The full statement has been added at the end of this post.

The grand opening of New Seasons in Ballard included this group of protesters

Original report: Unlike what happened at its May opening in Ballard, you probably won’t see protesters greet New Seasons when it opens at 23rd and Union in 2019.

A company spokesperson said it plans to meet Friday’s deadline for a response after positive talks with community groups aligned to push back on the Portland-based grocery chain’s labor practices and its ownership’s anti-LGBTQ politics as it readies to open in the Central District.

Friday’s deadline is part of a community coalition’s demands for the chain:

During their meeting, organizers gave New Seasons co-president Kristi McFarland and other local reps a list of demands. If the demands are met, they said, their campaign against the company would stop. Among other things, they asked New Seasons to sign a neutrality agreement to let interested workers unionize, disclose workforce demographics, let low-income customers use Fresh Bucks to buy produce, stock affordable staple foods, and donate some of their local profits to affordable housing projects and community land trusts.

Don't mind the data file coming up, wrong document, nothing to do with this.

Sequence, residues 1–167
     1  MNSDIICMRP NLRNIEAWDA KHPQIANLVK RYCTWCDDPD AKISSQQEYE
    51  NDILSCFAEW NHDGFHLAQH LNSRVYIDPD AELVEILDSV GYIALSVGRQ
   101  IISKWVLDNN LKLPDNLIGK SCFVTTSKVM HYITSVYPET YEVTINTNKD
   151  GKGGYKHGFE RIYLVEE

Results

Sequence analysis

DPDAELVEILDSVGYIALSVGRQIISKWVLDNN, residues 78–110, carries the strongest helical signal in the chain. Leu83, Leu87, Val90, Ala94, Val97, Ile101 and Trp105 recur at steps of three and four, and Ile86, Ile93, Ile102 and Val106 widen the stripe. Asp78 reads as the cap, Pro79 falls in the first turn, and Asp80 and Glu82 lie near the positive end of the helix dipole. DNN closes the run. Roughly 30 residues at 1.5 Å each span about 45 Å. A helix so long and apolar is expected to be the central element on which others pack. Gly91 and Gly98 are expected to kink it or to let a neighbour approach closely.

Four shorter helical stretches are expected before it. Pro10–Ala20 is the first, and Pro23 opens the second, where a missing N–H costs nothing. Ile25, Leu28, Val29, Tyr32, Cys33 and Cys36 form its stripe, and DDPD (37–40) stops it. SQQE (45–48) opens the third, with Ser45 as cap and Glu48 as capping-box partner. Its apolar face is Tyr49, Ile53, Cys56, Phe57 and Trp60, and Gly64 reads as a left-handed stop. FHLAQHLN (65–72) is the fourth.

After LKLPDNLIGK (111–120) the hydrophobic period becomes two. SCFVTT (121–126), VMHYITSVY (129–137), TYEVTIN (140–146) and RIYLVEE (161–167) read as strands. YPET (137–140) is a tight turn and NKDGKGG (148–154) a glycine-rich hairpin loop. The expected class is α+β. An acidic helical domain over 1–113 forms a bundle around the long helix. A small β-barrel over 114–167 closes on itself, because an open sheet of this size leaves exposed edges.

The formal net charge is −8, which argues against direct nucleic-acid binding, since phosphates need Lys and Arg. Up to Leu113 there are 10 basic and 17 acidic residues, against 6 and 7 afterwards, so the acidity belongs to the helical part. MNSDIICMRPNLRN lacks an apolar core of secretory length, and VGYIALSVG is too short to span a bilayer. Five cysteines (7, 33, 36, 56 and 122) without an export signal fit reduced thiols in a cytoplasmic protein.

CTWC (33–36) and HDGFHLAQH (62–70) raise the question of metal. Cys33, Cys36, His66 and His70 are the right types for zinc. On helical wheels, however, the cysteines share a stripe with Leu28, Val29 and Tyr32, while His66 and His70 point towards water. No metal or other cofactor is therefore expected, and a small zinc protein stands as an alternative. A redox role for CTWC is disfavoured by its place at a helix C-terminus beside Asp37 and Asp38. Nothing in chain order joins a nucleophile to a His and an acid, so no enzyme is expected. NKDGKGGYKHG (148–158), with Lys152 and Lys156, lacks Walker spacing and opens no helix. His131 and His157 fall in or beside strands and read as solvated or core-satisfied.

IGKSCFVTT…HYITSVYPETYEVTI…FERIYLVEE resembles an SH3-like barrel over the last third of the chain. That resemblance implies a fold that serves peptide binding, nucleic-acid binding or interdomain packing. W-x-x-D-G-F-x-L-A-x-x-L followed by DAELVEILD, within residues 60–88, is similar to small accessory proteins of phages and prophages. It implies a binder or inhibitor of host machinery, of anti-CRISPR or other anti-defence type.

Nicole Keenan, executive director of Puget Sound Sage, an advocacy group dedicated to low-income people, communities of color, immigrants and refugees, has been part of talks with New Seasons and also categorized the negotiations as positive in a conversation with CHS Friday afternoon. Keenan joined reps from groups like the Squire Park Community Council in the discussions with New Seasons.

While we don’t yet know the specifics of the New Seasons response, the community campaign against the store which has included a “newseasonstories.com” website and neighborhood yard signs, appears to be approaching a fruitful conclusion.

UPDATE 3:40 PM: A New Seasons representative sent over the company’s response to the community groups. We’ve added the full letter at the end of this post. A company representative also provided the following statement: